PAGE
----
Are we on the cusp of a future where we can just take a pill to work longer, learn faster and achieve more? Is that a world where we want to live?
“Jason,” a pre-med student at Georgia State, holds leadership roles in several clubs, has conducted research with doctors at a local hospital and still makes time for his girlfriend, who’s also a college student. And most recently, Jason has taken a weekend restaurant job to help pay his rent.
“I used to use weekends to catch up on my school work, but I don’t have that anymore,” he says. But these activities haven’t prevented Jason from taking a full load every semester. He recently learned he’ll graduate in the fall, a semester early. But how has he managed to study?
Jason clears entire days to hunker down and hit the books, and on those days, he takes a Vyvanse. The central nervous system stimulant, a type of amphetamine prescribed to people with attention deficit hyperactivity disorder (ADHD), can improve focus and concentration. It can also reduce hyperactive, impulsive behaviors, such as the impulse to check Facebook 12 times before you finish reading a single paragraph of your textbook. In some people, these effects improve learning, recall and working memory, the ability to temporarily hold information, such as a phone number, in your head.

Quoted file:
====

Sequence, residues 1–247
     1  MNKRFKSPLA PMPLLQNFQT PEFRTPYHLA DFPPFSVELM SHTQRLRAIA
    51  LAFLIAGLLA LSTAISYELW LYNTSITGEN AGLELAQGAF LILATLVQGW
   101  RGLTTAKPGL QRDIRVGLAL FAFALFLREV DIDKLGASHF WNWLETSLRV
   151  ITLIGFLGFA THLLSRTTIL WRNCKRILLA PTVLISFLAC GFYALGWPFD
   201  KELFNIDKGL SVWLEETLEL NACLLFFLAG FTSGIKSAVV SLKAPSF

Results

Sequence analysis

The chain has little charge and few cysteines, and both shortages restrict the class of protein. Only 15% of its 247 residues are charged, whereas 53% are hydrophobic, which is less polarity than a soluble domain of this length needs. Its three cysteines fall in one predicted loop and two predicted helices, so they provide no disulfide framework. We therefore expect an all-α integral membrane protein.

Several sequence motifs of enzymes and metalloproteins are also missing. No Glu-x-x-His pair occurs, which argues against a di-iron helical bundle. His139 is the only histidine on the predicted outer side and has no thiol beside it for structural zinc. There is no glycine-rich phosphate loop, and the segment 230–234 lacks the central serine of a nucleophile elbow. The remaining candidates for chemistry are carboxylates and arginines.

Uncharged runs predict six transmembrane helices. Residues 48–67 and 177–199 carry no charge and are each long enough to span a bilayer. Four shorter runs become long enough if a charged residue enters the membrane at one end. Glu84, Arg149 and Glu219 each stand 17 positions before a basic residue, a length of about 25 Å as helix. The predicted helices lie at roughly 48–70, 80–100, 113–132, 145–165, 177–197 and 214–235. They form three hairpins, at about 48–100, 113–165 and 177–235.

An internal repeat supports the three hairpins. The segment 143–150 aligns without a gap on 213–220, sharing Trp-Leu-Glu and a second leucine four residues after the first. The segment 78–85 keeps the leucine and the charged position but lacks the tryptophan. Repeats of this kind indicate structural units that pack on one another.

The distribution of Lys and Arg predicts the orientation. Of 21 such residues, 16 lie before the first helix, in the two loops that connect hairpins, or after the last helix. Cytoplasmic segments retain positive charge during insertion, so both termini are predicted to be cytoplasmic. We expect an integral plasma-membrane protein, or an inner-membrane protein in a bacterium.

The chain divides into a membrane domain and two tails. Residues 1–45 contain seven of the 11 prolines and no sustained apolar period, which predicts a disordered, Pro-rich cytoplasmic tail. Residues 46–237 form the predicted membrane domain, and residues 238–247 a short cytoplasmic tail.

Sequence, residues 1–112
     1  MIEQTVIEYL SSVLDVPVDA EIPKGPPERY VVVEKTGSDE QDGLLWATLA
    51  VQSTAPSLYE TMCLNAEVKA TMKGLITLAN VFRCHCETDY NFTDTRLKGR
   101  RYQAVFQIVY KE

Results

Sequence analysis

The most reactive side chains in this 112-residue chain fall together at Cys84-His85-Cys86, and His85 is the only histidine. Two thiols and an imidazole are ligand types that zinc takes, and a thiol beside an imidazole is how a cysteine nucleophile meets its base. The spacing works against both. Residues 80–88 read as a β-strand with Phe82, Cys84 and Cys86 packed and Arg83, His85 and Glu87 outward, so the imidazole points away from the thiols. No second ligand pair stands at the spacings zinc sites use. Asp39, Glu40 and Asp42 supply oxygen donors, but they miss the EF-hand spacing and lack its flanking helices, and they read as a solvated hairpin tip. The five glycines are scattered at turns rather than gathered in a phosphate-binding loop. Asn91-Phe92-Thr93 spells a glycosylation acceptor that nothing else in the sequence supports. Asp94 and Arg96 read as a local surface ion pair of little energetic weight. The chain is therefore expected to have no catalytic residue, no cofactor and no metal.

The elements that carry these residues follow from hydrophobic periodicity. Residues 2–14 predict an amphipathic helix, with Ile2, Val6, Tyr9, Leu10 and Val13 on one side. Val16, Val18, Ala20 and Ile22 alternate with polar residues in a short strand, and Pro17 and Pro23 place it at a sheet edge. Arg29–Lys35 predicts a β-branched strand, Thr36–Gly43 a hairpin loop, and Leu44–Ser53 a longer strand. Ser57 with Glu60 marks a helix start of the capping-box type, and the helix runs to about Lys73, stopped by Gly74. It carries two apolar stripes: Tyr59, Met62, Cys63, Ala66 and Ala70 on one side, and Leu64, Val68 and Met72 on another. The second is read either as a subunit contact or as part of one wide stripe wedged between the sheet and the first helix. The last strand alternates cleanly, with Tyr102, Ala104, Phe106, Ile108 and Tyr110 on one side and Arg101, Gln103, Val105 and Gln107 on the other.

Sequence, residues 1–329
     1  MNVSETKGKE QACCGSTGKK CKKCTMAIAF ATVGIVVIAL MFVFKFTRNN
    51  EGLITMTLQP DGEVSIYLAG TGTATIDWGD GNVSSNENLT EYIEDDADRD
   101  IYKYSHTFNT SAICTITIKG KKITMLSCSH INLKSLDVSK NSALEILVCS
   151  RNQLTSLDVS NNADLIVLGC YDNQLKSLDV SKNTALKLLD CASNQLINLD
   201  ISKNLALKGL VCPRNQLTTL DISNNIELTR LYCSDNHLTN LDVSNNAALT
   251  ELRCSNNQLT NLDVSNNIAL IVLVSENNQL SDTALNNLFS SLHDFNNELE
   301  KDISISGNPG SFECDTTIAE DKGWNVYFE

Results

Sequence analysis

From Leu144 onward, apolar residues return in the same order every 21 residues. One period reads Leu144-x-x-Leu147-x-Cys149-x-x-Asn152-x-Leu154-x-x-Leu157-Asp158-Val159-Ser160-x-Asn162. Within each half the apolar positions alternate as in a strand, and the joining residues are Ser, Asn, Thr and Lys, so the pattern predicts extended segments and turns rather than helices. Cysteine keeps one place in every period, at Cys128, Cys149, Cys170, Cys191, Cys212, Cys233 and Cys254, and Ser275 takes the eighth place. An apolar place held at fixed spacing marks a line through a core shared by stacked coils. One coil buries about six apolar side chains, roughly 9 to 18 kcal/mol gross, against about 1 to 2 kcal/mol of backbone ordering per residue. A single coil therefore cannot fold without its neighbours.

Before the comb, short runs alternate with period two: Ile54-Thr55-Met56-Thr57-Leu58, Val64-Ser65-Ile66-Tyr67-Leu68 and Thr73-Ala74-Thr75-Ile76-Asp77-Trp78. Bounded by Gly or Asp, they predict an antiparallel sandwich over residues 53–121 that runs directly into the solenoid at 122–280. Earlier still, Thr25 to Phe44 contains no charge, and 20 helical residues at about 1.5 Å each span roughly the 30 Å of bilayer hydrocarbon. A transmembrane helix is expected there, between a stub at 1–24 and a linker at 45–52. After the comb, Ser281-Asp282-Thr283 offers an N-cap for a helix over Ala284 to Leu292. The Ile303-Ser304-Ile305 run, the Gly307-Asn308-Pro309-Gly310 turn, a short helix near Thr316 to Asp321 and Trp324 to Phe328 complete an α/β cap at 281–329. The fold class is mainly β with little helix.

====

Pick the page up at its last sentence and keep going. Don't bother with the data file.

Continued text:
“It gives you a hardcore motivation to sit down and study the most mundane topics for a really long time,” Jason says. “You can do work that you would otherwise procrastinate on. Procrastination is a serious issue in college.”
When Jason told his longtime family doctor that he couldn’t focus in school, the doctor skipped the standard ADHD testing and said, “You seem like a really motivated student, and I’ve been in your shoes before,” Jason recalls. Then the doctor wrote him a prescription for Vyvanse.
But many more pre-meds take ADHD medications than just those who have a prescription, Jason admits.
“Quite frankly,” he says, “they go around like candy. If you don’t have a friend who has it, you’ll have a friend who knows someone who has it.” Continue reading